as if there is an actual economy that produces only pig and iron. Then I
took the rhetorical wind out of his system by showing to him that his own
prices are not "actual" and cannot be "actual", so his theory is also
dealing with an abstract economy, to which he now seems to agree in a
non-commital fashion. Now, let's go on:
>Ajit has now defended his objection by dismissing economic arguments that
>refer to the real:
>"In economics the word 'real' is used only as a rhetorical devise, and has
>implied impact only on feeble minded."
>Given this position, Ajit should have no difficulty agreeing with my proposal,
>in the post to which he responds, on how we can settle this debate:
>"I'm happy to let Ajit pursue his theory, in which the profit rate is
>determined solely by technology, real wages, and relative profitability, given
>only that he makes clear that the results of that theory do not necessarily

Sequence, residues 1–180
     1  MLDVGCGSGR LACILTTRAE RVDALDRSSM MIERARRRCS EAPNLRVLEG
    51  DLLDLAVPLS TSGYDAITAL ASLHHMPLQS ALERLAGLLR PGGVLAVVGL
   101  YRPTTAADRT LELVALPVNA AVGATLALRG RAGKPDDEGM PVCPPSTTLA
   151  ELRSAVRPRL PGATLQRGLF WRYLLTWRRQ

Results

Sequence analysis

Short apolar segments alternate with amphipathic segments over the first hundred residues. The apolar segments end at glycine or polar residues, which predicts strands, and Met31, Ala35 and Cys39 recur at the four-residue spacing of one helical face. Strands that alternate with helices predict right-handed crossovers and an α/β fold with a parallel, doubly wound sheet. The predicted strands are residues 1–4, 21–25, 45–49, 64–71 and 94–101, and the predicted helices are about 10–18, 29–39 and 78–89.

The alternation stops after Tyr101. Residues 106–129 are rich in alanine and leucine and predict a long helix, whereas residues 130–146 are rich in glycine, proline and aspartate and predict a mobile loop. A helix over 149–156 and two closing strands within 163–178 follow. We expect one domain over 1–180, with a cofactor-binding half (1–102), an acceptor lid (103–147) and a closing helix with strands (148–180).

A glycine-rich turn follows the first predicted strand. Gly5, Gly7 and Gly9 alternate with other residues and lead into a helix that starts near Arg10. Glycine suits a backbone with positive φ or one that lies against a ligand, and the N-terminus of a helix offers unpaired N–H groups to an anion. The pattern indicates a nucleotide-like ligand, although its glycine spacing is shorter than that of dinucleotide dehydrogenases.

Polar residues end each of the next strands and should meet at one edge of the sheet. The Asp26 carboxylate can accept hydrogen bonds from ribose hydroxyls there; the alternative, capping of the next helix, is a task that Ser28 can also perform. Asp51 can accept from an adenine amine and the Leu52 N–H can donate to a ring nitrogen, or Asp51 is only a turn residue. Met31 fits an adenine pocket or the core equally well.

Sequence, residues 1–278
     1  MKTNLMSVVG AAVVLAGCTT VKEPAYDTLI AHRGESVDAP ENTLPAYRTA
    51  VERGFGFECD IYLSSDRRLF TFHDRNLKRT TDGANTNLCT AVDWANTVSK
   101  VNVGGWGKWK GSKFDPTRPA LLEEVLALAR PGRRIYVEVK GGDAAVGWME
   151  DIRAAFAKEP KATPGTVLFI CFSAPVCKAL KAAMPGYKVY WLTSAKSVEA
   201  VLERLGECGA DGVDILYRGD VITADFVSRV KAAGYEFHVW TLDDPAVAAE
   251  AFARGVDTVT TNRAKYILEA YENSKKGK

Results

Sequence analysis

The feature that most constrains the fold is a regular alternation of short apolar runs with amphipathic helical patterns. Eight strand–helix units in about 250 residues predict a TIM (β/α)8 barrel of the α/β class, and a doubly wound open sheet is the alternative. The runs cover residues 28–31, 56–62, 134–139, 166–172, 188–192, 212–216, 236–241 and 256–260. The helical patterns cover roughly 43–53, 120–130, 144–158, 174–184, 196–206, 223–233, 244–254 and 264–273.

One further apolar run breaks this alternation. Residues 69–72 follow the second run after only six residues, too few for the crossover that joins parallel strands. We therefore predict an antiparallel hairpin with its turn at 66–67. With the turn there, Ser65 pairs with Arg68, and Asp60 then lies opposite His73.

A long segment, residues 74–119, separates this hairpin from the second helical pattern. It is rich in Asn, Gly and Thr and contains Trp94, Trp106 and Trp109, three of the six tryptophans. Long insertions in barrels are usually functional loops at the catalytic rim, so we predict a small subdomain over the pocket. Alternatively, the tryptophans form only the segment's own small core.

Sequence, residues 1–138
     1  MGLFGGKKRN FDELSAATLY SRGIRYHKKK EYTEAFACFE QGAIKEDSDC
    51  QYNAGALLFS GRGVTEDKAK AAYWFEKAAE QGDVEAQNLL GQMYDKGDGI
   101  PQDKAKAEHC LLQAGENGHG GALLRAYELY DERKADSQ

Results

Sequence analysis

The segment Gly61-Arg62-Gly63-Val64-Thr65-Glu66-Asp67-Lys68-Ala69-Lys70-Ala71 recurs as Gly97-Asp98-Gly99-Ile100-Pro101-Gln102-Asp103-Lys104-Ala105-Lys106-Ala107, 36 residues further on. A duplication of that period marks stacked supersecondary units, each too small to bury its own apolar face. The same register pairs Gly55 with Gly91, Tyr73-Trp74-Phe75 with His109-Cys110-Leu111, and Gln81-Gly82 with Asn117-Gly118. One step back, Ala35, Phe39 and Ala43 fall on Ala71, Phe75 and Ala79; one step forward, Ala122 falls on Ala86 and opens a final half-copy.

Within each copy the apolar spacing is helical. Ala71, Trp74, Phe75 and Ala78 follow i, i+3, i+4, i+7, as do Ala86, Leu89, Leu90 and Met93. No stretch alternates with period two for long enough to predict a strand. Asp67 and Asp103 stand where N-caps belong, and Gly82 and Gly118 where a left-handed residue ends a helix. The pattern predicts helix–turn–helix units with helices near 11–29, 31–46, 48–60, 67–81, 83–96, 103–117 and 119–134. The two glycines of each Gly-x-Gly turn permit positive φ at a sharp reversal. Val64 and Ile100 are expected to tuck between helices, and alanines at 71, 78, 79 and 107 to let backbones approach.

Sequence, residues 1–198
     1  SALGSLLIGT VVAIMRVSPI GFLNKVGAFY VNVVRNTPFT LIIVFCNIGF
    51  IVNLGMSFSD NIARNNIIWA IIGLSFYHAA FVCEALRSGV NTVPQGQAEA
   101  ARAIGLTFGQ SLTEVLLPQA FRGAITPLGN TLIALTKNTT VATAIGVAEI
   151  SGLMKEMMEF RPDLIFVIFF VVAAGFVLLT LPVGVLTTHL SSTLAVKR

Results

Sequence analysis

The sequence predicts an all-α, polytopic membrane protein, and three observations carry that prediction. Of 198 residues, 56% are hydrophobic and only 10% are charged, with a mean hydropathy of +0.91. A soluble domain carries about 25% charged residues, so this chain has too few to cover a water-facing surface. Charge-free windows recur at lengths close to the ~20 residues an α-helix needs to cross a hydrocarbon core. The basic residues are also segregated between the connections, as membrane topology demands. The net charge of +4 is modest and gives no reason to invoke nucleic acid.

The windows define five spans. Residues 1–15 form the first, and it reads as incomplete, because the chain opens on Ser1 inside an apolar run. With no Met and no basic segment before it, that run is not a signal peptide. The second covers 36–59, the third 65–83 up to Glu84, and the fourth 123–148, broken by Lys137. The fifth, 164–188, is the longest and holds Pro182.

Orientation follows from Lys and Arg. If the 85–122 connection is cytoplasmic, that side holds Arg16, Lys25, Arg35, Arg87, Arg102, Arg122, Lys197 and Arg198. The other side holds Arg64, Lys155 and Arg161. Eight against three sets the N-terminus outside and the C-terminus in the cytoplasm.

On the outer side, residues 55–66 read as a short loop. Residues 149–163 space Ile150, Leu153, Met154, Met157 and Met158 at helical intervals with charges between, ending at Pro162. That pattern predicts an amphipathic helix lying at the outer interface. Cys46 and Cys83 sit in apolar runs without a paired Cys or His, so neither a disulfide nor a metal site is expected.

>apply to any actual economies, and that such results cannot be used as
>'proofs' that propositions concerning actual economies are false. Agreed?"
>but his reply doesn't take up this point. So I reiterate my proposal now.
>Curiously, despite Ajit's dismissal of economic arguments that refer to the
>real, in the same post he objects to my demonstration that the profit rate
>doesn't necessarily equal Sraffa's rate on the ground that my profit rate is
>not the REAL profit rate!!
>"... the *real* value of 'capital' would not change, and the profit must be
>calculated on the *real* value of investment and not on the nominal value of
>investment." [emphases added]
>In ope-l 4638, he similarly invoked the real:
>"I think given *real* wages in Marx is very important. His rate of
>exploitation is an objective measure and not a monetary measure. ... So a
>change in workers consumption should change the necessary labor-time. It
>basically means a change in *real* wages." [emphases added]
>as he did in ope-l 4678: